What is Scope of variables?

MAXScript Frequently Asked Questions

The following chapters provide detailed explanation of variable scope:

Variables - Assignment and Scope

Scope of Variables

Local Variables As Private Global Variables

Implicit Variable Declaration

Lexical Scoping

Accessing Locals and Other Items in a Rollout from External Code

Changes to Undeclared Implicit Global Variables

Definition Constructs Can Include Global Variable Declarations At Top Level

Persistent Global Variables

See also

Frequently Asked Questions



Why do I define variables outside of a scope so I can access them inside the scope?

You could imagine the scopes as an onion with nested "layers". When a local variable is created at a certain level, it is visible only at this level and all scopes nested inside of it.

In the special case of MacroScripts, Rollouts and Utilities, a local variable defined in the outer-most scope is visible to any code inside of the macroScript, rollout or utility but not visible to any other macroScript, rollout or utility. This can be seen as a kind of "private global" variable which is just how it works and not a technical name for a new kind of scope. For more info, see Local variables as private global variables

In addition, a variable can be only accessed if it has been already defined. This means that the order of functions and rollout definitions does matter as you cannot access a function or rollout which is defined later in the source code. This case can be solved by pre-defining the variable used to store the function or rollout in the same or higher scope before the actual function or rollout definition.

For example, if you have multiple rollout definitions in a Utility and want to access a user interface element of the second rollout from inside the first rollout, you will have to pre-define the variable storing the second rollout before the first one.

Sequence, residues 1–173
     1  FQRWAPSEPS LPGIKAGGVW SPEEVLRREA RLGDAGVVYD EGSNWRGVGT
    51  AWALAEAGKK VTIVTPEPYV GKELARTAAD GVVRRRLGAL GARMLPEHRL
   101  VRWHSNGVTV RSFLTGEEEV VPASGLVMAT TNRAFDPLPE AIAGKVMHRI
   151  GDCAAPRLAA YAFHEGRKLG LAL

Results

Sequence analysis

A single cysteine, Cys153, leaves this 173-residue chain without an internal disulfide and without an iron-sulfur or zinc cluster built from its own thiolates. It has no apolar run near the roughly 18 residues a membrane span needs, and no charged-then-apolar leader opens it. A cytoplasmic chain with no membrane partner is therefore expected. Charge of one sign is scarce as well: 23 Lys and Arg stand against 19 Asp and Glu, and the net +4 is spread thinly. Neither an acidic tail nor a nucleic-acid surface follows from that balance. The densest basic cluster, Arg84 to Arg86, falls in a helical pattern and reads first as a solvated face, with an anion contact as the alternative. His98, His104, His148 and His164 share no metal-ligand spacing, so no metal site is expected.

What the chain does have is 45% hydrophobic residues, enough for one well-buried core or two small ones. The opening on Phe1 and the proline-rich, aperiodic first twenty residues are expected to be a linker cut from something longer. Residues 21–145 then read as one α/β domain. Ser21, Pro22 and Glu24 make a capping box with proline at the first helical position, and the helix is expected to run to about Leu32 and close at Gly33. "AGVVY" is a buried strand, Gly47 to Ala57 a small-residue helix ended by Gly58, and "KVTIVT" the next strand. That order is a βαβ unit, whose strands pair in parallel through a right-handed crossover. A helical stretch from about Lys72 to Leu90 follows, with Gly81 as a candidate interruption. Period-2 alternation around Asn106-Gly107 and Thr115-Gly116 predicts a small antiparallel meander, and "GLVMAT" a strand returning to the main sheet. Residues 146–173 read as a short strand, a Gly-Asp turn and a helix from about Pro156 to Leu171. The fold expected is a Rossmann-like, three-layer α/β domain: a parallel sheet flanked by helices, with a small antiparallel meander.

If you would not pre-define the variable and try to access a UI control from the second rollout, MAXScript would show you an error because when evaluating the first rollout it has no knowledge of the second one - it has not been evaluated yet!

If you have declared the variable name of the second rollout as local in the beginning of the Utility, it will first be set to the value "undefined", but will be seen as defined by any code that references it. In other words, MAXScript will find the name of the variable, ignore the fact there is still no rollout value inside and keep going with the evaluation. Once it finds the definition of the second rollout, it will "fill in" the rollout information and when you actually try to use code in the first rollout referencing the second one, everything will be ok.

Why do I declare local and global variables?

Local variables let you encapsulate values for "local use" without interfering with other parts of the script, or even worse, with other scripts. Imagine if every single script out there would use only global variables. If a user would write a script that uses the variable "i" in a loop and another users would write another that uses "i" for an index to a vertex somewhere, chances are these two scripts would have troubles running in the same scene unless the programmers have taken extra care to explicitly declare and initialize every variable before using it. All in one, it would be a real pain!

Luckily, MAXScript will keep the variables inside the respective scopes and the one script will never access variables from the other one unless you want it to by using explicit global definitions.

By default, any variable used without declaration inside of a scope becomes local for that scope so you usually don't really have to explicitly write "local" in front of every variable. While it would be a good programming practice to declare variables explicitly, MAXScript does not force you to do this most of the time. See Implicit Variable Declaration for more info.

You would define global variables in all those cases where multiple scripts have to access the same value, or share a value. Any MAXScript code could read that value. So you could have a macroScript storing some preferences in a variable, a Utility using these preferences, and both do not have to know about each-other, except for the name of the common global variables.

In some cases, you want to declare a local variable explicitly if a variable with the same name already exists in a higher scope, but you really want to use the same name in a nested scope. If you don't declare the variable as explicitly local, the value of the outer one would be accessed instead, which could lead to logical problems...


See also

Frequently Asked Questions